When Katie Couric told Haaretz that "The glory days of TV news are over," her words framed what looked like a lament, but her recent deeds make them seem like a threat. Her recent interview with Senator Barack Obama, at the very least, certainly failed to glorify any of the parties involved.
COURIC: Before the surge, as you know, Senator, there were 80 to 100 U.S. casualties a month, the country was rife with sectarian violence, and you raised a lot of eyebrows on this trip saying even knowing what you know now, you still would not have supported the surge. People may be scratching their heads and saying, "Why?"
OBAMA: Well ... because ... what I was referring to, and I've consistently referred to, is the need for a strategy that actually concludes our involvement in Iraq and moves Iraqis to take responsibility for the country.
COURIC: But didn't the surge ... help do that?
OBAMA: Let me finish, Katie. What happens is that if we continue to put $10 billion to $12 billion a month into Iraq, if we are willing to send as many troops as we can muster continually into Iraq? There's no doubt that that's gonna have an impact. But it doesn't meet our long-term strategic goal, which is to make the American people safer over the long term. If that means that we're detracting from our efforts in Afghanistan, where conditions are deteriorating, if it means that we are distracted from going after Osama bin Laden who is still sending out audio tapes and is operating training camps where we know terrorists' actions are being plotted. ...
COURIC: All that may be true. But do you not give the surge any credit for reducing violence in Iraq?
OBAMA: No, no ... of course I have. There is no doubt that the extraordinary work of our U.S. forces has contributed to a lessening of the violence, just as making sure that the Sadr militia stood down or the fact that the Sunni tribes decided to flip and work with us instead of with al-Qaeda - something that we hadn't anticipated happening.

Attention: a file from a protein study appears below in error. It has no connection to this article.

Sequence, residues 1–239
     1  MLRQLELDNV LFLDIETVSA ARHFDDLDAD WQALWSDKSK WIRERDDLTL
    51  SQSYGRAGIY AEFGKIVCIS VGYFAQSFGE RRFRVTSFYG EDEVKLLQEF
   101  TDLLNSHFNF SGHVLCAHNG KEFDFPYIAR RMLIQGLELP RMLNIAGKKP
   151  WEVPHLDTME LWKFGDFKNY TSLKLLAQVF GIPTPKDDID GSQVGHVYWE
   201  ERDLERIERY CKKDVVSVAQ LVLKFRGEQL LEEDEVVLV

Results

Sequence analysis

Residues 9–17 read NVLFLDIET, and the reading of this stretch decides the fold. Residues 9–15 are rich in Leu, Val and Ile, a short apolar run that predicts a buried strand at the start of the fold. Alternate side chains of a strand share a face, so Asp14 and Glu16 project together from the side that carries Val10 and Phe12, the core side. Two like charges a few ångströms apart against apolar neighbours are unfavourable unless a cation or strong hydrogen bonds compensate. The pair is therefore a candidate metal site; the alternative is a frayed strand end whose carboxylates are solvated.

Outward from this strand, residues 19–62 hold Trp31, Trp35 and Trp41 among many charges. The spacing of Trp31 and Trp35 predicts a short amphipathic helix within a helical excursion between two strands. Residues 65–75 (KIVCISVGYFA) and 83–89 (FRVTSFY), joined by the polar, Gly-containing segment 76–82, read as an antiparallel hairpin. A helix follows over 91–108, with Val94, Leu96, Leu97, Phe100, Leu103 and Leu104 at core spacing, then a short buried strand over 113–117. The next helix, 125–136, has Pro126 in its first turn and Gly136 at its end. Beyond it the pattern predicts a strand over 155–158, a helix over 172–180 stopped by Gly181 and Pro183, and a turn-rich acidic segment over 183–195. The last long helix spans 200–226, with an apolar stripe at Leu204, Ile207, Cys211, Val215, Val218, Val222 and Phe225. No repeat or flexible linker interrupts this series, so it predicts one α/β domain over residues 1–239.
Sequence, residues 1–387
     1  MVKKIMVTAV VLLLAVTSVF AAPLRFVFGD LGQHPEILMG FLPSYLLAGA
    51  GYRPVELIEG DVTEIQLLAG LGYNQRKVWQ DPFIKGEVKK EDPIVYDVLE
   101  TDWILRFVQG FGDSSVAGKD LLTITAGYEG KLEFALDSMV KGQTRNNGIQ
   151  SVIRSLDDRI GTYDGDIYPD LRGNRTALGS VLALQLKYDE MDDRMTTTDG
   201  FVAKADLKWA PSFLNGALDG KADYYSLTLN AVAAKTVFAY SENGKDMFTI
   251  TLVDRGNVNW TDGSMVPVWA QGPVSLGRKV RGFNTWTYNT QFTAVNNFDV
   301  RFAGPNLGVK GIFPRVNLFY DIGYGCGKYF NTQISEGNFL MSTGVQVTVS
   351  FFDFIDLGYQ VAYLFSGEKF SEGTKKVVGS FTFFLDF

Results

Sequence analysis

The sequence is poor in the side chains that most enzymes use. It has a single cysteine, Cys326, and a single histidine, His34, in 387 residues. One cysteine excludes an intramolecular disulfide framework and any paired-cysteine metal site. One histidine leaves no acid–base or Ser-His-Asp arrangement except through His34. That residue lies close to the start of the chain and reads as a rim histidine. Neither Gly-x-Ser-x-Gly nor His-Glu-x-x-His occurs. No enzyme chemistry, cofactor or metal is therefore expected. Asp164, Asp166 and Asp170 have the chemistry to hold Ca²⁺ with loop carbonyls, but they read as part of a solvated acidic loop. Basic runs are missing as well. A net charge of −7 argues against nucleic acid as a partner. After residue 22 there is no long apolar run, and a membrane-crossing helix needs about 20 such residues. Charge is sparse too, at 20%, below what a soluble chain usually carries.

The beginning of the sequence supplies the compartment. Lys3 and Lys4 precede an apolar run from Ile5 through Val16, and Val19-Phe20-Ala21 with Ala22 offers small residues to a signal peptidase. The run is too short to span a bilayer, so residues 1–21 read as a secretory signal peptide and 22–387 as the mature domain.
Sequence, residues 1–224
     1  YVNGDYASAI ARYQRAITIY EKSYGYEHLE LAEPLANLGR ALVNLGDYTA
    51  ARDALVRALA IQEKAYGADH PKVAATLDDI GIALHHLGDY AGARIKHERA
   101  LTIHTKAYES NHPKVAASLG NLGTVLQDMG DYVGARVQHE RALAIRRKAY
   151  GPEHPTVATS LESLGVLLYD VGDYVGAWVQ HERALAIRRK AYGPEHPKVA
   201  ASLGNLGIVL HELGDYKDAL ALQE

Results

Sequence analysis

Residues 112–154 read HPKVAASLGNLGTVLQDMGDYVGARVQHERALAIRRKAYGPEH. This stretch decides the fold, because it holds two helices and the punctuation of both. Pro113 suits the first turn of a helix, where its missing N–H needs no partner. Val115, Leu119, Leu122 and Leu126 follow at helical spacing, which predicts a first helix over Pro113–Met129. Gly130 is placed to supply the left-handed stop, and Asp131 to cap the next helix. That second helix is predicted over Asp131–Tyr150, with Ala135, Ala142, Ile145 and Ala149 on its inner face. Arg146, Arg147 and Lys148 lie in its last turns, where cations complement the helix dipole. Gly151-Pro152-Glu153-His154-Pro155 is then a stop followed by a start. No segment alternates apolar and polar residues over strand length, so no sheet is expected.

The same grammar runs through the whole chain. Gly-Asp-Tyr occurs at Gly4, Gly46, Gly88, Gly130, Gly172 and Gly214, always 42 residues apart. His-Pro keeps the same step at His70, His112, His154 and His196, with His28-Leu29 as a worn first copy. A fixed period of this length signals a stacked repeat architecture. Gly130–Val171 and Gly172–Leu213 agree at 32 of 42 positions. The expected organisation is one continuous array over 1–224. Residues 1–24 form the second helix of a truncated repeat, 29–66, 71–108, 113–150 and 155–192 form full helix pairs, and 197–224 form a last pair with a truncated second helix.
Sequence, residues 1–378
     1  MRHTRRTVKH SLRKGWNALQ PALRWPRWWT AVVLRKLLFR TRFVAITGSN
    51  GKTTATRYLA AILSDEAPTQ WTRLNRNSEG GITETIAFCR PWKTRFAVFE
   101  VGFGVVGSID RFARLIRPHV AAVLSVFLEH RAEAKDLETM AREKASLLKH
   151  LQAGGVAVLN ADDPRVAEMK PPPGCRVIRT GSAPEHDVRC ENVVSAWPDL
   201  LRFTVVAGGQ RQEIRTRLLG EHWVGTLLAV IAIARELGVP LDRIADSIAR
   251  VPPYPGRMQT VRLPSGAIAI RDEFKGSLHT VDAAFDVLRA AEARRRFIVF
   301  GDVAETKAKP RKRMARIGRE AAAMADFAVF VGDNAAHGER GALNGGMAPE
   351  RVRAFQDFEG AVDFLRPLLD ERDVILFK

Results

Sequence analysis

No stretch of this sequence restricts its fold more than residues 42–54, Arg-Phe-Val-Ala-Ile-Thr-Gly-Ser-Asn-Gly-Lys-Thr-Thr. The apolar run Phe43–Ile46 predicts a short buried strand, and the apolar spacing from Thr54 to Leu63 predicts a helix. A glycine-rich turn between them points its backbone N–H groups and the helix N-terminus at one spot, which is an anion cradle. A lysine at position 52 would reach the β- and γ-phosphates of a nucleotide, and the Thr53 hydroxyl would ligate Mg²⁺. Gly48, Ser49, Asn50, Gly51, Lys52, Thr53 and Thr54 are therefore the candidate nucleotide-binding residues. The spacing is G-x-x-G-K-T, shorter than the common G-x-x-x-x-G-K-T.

All those things have contributed to a reduction in violence. So this, in no way, detracts from the great efforts of our young men and women in uniform. In fact, that's one of the most striking things about visiting Iraq is to see how dedicated they are, what a great job they do - all those things ... are critically important. What I'm saying is it does not solve the broader strategic question that we have been dealing with over the last five, six, seven years. And that is how do we take the limited resources we have, both militarily and financially, and apply them in such a way that we are making America as safe as possible? And I believe that my approach is the right one.
COURIC: But talking microcosmically, did the surge, the addition of 30,000 additional troops ... help the situation in Iraq?
OBAMA: Katie, as ... you've asked me three different times, and I have said repeatedly that there is no doubt that our troops helped to reduce violence. There's no doubt.
COURIC: But yet you're saying ... given what you know now, you still wouldn't support it ... so I'm just trying to understand this.
OBAMA: Because ... it's pretty straightforward. By us putting $10 billion to $12 billion a month, $200 billion, that's money that could have gone into Afghanistan. Those additional troops could have gone into Afghanistan. That money also could have been used to shore up a declining economic situation in the United States. That money could have been applied to having a serious energy security plan so that we were reducing our demand on oil, which is helping to fund the insurgents in many countries. So those are all factors that would be taken into consideration in my decision-- to deal with a specific tactic or strategy inside of Iraq.
COURIC: And I really don't mean to belabor this, Senator, because I'm really, I'm trying to figure out your position. Do you think the level of security in Iraq ... would exist today without the surge?